Post by: heathen on April 03, 2019, 12:16:56 AM
What shows are you going to this summer? I was going to run P48 CP4s with probably a center ME80 (Nak 300) omni, as well as other rigs depending on the venue. I would have two ME80 cards and a MX100 available.

Just the two nights in Boulder.
Title: Re: "Classic" GD taping mics still available?
Post by: ycoop on April 03, 2019, 01:54:41 AM
Anyone know what the vertically-oriented mic is in the top photo on page 57 here? https://www.americanradiohistory.com/Archive-Audio/80s/Audio-1988-01.pdf

This article was a particularly interesting read for a new taper such as myself.
Title: Re: "Classic" GD taping mics still available?
Post by: Limit35 on April 03, 2019, 02:15:06 AM
What shows are you going to this summer? I was going to run P48 CP4s with probably a center ME80 (Nak 300) omni, as well as other rigs depending on the venue. I would have two ME80 cards and a MX100 available.

Just the two nights in Boulder.

I was planning on hitting those shows also but not taping, I figured I would have fun and roam around at that one. If you're interested in borrowing some mics for fun let me know.
Title: Re: "Classic" GD taping mics still available?
Post by: checht on April 07, 2019, 10:43:52 PM
Just found this article again, because of this thread. Forgot I ran that Fostex mixer pictured on p60. Hid it in a box of granola to get it into Greeks  :lol: Flexible and great attitude gf got used to strapping the F1 to her thigh and her friend did the same with a beta.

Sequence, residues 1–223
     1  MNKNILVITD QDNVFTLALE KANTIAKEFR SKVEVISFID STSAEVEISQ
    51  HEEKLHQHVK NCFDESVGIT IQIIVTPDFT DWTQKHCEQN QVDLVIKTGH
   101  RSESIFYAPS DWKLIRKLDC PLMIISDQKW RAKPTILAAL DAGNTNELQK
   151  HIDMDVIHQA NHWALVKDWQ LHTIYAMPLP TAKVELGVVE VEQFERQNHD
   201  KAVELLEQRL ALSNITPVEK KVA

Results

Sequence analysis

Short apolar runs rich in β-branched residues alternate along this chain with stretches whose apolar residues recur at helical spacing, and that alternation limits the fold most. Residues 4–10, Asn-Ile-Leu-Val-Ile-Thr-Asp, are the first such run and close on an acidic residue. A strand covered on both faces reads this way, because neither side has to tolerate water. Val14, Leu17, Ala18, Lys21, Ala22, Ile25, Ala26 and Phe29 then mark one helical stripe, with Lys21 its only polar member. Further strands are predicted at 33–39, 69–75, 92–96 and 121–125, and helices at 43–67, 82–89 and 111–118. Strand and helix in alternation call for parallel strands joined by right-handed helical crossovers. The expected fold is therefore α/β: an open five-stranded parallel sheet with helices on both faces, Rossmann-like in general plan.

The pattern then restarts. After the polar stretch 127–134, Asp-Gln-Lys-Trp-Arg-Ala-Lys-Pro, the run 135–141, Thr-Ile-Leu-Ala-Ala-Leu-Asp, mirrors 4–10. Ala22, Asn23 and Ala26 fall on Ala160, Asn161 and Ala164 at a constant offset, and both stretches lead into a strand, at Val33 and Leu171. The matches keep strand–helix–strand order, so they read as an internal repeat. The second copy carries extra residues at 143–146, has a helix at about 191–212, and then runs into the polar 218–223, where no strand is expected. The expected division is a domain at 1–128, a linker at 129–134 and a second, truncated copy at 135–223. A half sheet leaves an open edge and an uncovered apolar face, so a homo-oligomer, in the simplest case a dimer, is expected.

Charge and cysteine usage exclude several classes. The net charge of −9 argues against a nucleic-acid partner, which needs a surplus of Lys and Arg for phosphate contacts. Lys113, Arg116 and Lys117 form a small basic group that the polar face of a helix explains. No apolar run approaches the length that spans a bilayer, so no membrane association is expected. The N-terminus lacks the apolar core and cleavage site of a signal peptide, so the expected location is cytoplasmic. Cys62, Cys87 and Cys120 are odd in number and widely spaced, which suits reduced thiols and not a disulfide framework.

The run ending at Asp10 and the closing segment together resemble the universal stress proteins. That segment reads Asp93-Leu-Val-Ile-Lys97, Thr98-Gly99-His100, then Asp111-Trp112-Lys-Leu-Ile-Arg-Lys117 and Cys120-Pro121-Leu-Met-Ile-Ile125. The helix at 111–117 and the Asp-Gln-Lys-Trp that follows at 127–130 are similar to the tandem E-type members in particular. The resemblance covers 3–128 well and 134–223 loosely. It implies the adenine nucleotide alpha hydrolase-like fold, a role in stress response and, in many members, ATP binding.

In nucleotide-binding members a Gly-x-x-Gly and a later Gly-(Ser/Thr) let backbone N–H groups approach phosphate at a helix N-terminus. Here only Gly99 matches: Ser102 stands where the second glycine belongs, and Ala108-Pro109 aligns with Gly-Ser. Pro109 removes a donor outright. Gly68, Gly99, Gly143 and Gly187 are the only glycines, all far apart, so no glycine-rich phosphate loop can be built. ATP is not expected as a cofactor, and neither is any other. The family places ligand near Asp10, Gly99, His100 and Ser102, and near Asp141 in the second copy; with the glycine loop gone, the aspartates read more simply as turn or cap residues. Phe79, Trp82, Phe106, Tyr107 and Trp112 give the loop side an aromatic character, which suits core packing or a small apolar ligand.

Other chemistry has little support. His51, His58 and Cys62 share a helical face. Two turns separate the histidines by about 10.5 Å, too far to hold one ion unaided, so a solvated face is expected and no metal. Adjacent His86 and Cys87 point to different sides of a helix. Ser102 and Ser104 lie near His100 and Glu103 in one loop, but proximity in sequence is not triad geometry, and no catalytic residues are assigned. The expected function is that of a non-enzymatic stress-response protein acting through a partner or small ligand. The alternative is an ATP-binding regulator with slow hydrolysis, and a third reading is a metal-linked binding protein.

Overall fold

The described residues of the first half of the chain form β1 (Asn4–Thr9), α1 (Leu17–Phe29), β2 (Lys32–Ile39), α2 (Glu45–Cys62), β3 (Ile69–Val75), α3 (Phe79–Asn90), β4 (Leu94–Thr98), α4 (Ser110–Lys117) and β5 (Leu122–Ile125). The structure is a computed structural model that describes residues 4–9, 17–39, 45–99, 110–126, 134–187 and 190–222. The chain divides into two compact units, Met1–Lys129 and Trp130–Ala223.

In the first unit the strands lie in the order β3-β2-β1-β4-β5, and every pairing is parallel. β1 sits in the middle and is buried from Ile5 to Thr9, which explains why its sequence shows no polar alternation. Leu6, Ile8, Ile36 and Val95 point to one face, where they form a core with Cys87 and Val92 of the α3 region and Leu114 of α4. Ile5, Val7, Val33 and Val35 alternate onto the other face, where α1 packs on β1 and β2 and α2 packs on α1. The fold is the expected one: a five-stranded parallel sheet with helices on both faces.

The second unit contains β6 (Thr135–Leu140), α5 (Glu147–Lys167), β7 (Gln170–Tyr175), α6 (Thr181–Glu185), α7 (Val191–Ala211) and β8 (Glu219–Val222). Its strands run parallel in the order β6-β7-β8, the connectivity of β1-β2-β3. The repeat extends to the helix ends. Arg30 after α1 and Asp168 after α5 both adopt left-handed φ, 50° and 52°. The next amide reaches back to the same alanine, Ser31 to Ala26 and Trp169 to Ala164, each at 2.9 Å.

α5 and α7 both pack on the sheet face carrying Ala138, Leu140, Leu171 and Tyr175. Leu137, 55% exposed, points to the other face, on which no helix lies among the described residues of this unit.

The reporter mistakenly wrote that I ran Neumann TLM170s rather than KM84i, but accurate for the rest. Fun to be able to run comps in a venue with great sound.

Ended up building the black box preamps, first for the 84's, then other similar mics, and a lot of friends ran them. Covered my gear jones pretty much.
Title: Re: "Classic" GD taping mics still available?
Post by: EmRR on April 07, 2019, 11:38:01 PM
Anyone know what the vertically-oriented mic is in the top photo on page 57 here? https://www.americanradiohistory.com/Archive-Audio/80s/Audio-1988-01.pdf

This article was a particularly interesting read for a new taper such as myself.

Hadn't seen that, thanks!